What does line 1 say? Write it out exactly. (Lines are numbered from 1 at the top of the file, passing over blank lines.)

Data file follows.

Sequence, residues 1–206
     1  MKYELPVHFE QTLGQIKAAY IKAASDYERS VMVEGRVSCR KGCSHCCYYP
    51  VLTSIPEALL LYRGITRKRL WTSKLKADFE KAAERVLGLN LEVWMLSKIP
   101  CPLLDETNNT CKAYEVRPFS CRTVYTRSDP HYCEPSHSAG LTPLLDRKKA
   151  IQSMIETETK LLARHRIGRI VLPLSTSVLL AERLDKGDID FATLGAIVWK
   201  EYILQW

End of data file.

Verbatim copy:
Sequence, residues 1–206